# Train-the-teachers Initiative

## Biology Conservation Lesson Plan

At the start of the game, remind students that sustainability is meeting the current needs without limiting the resources for future generations.

AIM

The aim of the conservation biology game was to learn about sustainability

OUTCOME

At the end of the game students should be able to:

1. Work together to plan and execute ideas
2. learn about the effects of hunting/fishing on vulnerable wild populations

MATERIALS

Beans or rice

Small containers

METHODS

All students and facilitators present are to fish/hunt and explore sustainability issues

• Each student is assumed to be a fisherman/hunter whose livelihood depends on catching fish/animals.
• The rice/beans represent fish /wild animals and are worth 1 point ( equal money)
• Each student is instructed to catch at least 2 beans in each round to survive
• Each student counts  his/her catch, and writes it down
• 1 bean is added for every bean left in the Bowl.
• The  fishing/hunting is then repeated , recording and replenishing beans until either sustainable fishing levels are achieved or beans are gone from all Bowls.

REFLECTION QUESTIONS

At the end of the game the students should reflect on these questions:

• How does this activity relate to real Ocean/Forest and Fishery/Hunting issues?
• Are there other commonly Shared Resources that compete for use and survival such as air, forestry, animal grazing rights, parks, and other public lands?

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## Octave Course Outline

6 members of the University, materials and an exam at the end at the computer laboratory

introduction to the concept of programming and getting to know the environment

use of command prompt to make simple calculations with numbers first and then variables

write simple functions to implement physics formulas, like kinetic energy and force

introduction of the “if structure” by wrong input examples, such as negative mass and negative time values

extension to the more complex “if structure” including “elseif” to implement more than 2 options that are always mutually exclusive, that is, always only one is satisfied

introduction of matrices in octave: call the simple functions for a range of numbers, eg. Call the kinetic energy function for 1000 velocity values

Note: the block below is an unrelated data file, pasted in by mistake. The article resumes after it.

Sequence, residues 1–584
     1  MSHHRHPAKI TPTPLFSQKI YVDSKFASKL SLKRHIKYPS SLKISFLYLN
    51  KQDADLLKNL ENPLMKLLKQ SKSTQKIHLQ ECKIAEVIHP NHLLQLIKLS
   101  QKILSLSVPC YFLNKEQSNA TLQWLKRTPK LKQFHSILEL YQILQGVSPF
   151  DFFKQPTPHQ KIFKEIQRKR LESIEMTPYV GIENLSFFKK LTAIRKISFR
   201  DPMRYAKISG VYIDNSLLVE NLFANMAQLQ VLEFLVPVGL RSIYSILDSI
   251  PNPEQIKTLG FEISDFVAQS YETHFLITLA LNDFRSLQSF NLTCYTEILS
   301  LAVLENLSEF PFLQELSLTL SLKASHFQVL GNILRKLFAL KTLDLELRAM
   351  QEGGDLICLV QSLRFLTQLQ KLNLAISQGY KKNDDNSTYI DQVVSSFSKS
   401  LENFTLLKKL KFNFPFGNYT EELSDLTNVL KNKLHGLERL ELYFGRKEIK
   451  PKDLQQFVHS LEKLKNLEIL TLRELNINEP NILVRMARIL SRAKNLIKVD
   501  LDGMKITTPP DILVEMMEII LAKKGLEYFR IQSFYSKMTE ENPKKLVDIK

introduction of the “for loop”

simple algorithms using the “for loop” to calculate the minimum, the maximum and the average of an one-dimensional matrix

extend to two-dimensional matrices

introduction to the concept of a counter that counts for example the zeros in a matrix

algorithm to fill diagonal matrix, to check if a matrix is diagonal and symmetrical (use of logical flags)

Practical part (60 points)

1. Write a function that takes as input the mass and the velocity of a moving object and  calculates its kinetic energy (do not check for negative mass) (7 points)
1. Write a script to call the above function for two different objects, that is, two different masses, and velocities ranging from 1 to 1000 (10 points)
2. Plot the kinetic energy across the velocity for both objects on the same figure (3 points)
2. Write a function that:
1. Asks the user of the number of rows and columns (the same number for rows and columns, so just one number) (3 points)
2. Checks if the number is positive. If yes, it continues with parts c, d and e. If not, it prints an error message (3 points)
3.   Creates a random matrix with the dimensions given at part a. (2 points)
4. calculates the average of the matrix elements that are on the diagonal (10 points)
5. prints the result in the command window in a user-friendly message (2 points)
3.     Write a function that takes as input an one-dimensional matrix and
1. Calculates the maximum value in the matrix (8 points)
2. Calculates the position of the maximum value (7 points)
3. Prints the maximum value and its position in the command window in a user-friendly message (5 points)

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Ohm’s Law